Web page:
Monday, August 24, 2009

Cobwebs and mold

My family got back at about 2 a.m. yesterday from a two-and-a-half-week vacation visiting family, friends, and the beach. Welcoming us on our return was a basement cobweb the size of Rhode Island but with a few more residents. Although Ron cleared it away, I'm still getting tangled up in its remnants every time I go down there to do a load of laundry. I was amazed at how quickly our house got taken over while we were gone.

Mold was another squatter. I opened up the cream cheese this morning and figured since it was more green than white, I should find a new package. Of course, the growth there shouldn't have been a surprise. A lot can happen to food in 17 days.

So I've been thinking about what can happen to a family when we just check out, leave relationships abandoned for a while, stop dusting and sweeping and mopping, stop taking advantage of the good stuff in order to clear the way for even more good stuff.

We spent our week at the beach with my mom, a few siblings, their spouses, my sister's in-laws, and a bunch of nieces and nephews. And as chaotic as that might sound (and at times was), it was the best vacation I've ever taken. (Ron, if you read this, I'll exclude our honeymoon.)The weather was perfect, the house we stayed in ideal, the beach almost empty, the waves just the right size for the kids to play in safely all but the last day (Hurricane Bill ticked off the ocean). None of us got enough sleep, but we got in plenty of conversation and laughter and food and sunshine.

I looked forward to this vacation for a long time, but not without some anxiety. Because I have a large family (seven siblings), plenty of personality clashes aren't that uncommon. And we tend to argue and debate (you name it, we've covered it) more than discuss issues. We're an opinionated bunch, and that doesn't mean we necessarily think through our opinions before voicing them--and often stomping our feet while doing so. As we all get older, our kids get older as well. And they're no less opinionated than their parents.

But it's the closest I've felt to my family as a whole in a long time . . . maybe ever. It made me wish we all lived closer to one other so our kids could be better friends. It made me wish keeping in touch were easier. Yes, even with email and Facebook and Blackberries and iPhones, we still manage to go months without contacting a sibling or two.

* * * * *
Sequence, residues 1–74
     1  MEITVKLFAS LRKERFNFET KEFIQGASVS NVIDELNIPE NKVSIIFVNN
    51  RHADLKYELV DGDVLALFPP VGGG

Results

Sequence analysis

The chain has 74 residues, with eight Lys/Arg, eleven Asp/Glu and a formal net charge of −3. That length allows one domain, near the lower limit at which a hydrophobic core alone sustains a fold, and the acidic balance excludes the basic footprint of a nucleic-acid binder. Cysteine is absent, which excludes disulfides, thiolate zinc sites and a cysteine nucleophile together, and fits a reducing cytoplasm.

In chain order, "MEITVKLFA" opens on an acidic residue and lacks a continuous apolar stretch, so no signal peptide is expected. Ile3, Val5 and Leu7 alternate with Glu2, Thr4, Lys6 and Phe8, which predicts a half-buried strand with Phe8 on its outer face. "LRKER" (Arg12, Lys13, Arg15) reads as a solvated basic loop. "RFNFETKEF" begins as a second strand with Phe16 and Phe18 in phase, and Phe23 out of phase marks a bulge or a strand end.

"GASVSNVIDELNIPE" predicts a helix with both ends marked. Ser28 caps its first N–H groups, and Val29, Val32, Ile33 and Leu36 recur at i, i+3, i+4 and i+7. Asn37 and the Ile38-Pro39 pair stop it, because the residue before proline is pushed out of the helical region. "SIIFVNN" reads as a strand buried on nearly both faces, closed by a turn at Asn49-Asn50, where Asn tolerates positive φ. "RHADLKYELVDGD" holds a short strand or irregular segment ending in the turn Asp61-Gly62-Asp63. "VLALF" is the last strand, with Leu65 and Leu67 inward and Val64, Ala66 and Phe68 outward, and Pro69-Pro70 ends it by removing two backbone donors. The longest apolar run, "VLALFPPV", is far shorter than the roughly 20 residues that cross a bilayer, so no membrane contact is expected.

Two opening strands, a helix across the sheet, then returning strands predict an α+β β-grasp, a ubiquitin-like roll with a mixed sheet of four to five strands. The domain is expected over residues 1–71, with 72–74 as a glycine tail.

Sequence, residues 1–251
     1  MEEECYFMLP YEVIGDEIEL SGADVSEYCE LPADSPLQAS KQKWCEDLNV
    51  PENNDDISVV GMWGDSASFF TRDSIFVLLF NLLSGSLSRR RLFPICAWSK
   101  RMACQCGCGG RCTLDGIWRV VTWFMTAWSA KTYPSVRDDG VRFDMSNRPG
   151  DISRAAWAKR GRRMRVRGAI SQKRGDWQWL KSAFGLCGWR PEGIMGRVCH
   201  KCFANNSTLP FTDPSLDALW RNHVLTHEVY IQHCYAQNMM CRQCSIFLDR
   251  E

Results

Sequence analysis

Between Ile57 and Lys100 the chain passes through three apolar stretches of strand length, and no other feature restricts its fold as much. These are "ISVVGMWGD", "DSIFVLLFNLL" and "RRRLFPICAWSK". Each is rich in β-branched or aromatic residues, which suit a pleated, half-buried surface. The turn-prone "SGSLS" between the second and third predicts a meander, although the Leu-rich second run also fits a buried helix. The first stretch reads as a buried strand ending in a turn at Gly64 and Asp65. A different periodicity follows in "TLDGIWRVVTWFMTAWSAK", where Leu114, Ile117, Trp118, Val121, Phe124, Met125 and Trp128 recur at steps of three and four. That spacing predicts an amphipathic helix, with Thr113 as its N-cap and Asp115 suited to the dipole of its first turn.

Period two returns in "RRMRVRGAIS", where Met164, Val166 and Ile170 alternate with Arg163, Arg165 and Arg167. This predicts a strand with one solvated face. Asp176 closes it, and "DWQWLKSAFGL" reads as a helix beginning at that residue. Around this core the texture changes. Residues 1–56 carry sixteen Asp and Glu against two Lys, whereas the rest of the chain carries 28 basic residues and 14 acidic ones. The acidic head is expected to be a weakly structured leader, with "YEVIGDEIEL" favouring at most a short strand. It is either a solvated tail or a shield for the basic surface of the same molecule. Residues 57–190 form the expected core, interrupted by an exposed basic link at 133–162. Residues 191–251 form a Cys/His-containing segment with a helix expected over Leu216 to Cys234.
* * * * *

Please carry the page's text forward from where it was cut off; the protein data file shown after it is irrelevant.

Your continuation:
Though you wouldn't have known it based on how easily we slipped into each others' company again. And I didn't feel like a kid sister this time--or a big sister, for that matter. I was just part of a large family that likes laughing more than just about anything else in the world, so thank goodness that even when we don't see eye to eye, we can still crack each other up to the point of tears.

So this past week wiped away a lot of the cobwebs that have been hanging around. In fact, by weeks' end, I'd say it wiped away all of them. Will they come back? Probably. After all, even if we do this every year, it only takes a couple of weeks to entertain squatters: spiders, mold, resentment, disapproval, judgment, dismay.

But as my nephew kept singing one night: "We are family." And when we do see each other again, we'll just magically wave our arms, clear the way, toss out the green cream cheese, and head for the shore. I can't wait.


Maryanne said...

It sounds great! I love that relaxed feeling of hanging out at the beach and it must have been great to have all your family there to debate and laugh with.

Holly said...

Yes, those sleep-deprived times with the family are the best. This summer my family was all together for a few days, 12 adults and 16 kids ages 10 and under...noisy, crazy fun.